Foreign investors' confidence worsens
…cuts Gh¢130m investments in 3mths
Investors’ confidence in government securities is fast eroding amidst plans by government to borrow more than GH¢25.36billion through the issuance of domestic securities during the second half of the year.
Information available to the B&FT indicates that foreign investors have for the third consecutive time in under a year cut their investments in government debt market instruments by GH¢130million in the last three months to signal the deterioration of investor confidence in domestic securities.
In September last year, foreign investors held GH¢7.68billion in government’s securities, which went down to GH¢7.18billion in December and further dropped to GH¢6.82billion in the first quarter of this year.
At the end of the second quarter of this year, foreign investors had further cut their investment in government’s securities to about GH¢6.69billion, which is about 23.82% of total holdings for investors.
The gradual divestment of non-resident Ghanaians from government’s securities has come at a time it wants to borrow more, which presents a worrying situation to the country’s fiscal managers as foreign investors have been the principal target of governments’ medium- and long-term bonds.
The Bank of Ghana last week served notice of government’s plans to issue 5-year Treasury bonds during the month of August to raise GH¢500million.
The amount is part of the GH¢25.36billion that government was to raise within July and December this year.
In the issuance calendar of the government of Ghana approved by chief director of the Ministry of Finance, Major (rtd) M.S. Tara, government intends to borrow from the domestic market to refinance maturing debts and support other liquidity challenges at a time domestic revenue has fallen short of expectations.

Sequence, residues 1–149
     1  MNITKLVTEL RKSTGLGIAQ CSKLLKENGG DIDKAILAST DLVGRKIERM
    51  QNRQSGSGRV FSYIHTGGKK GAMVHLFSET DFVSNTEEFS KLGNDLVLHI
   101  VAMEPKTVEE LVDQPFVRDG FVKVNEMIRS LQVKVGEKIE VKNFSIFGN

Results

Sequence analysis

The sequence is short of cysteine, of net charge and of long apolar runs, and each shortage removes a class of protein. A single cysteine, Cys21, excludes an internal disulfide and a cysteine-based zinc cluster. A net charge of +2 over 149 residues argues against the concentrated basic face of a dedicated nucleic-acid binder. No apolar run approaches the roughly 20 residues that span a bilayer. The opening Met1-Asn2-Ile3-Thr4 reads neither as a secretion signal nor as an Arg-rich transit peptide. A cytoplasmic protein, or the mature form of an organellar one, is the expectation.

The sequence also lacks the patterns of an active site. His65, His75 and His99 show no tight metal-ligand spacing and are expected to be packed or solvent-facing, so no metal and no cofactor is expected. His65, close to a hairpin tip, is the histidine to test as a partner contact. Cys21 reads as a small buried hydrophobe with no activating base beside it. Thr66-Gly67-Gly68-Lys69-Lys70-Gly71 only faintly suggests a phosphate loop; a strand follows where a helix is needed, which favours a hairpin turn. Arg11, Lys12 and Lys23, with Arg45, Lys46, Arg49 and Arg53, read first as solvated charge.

The amount government wants to raise in the last half of the year is similar to the GH¢25.42billion targetted in the first six months of the year, which was exceeded by more than GH¢763million to further deepen concerns about the country’s debt position.
Ghana’s total public debt, as at May this year, stood at GH¢89.5 billion -- equivalent to 67.5 percent of GDP -- and the plans by government to borrow a further GH¢25.36billion in addition to the planned US$1.5billion Eurobond this year has heightened concerns about its efforts to reduce the country’s budget deficit -- with increasing fears additional debt could further sink the country into a deep debt-trap that could increase the cost of borrowing for the private sector.
Currently, the country’s debt position looks dire as excessive spending of the government, rising interest costs, narrowed tax base of the economy -- coupled with macroeconomic challenges exacerbated by the three-year old power rationing programme -- has affected the tax revenue of government.
According to the provisional fiscal revenue data for the first five months of the year provided by the Finance Ministry, higher than expected public spending was one of the main factors behind the surge in borrowing.
The data issued by the Finance Ministry indicates that government’s revenue (including grants) for January to May summed up to GH¢12billion, which is less than the GH¢14.2 billion it expended within the period.
Interest payments on its borrowings alone for the first five months of the year amounted to GH¢3.2billion, out of which GH¢2.5billion was paid on domestic debts.
Following the IMF’s approval of Ghana’s request for a US$918million Extended Credit Facility, government is now pursuing a range of austerity measures to reduce the country’s public deficit.
These include retrenchment of public sector workers to reduce the wage bill, expanded tax regime, removal of subsidies on petroleum products, streamlining of tax exemptions for free zones firms and state-owned enterprises, freeze on public sector employment, clean-up of the wage bill, among others.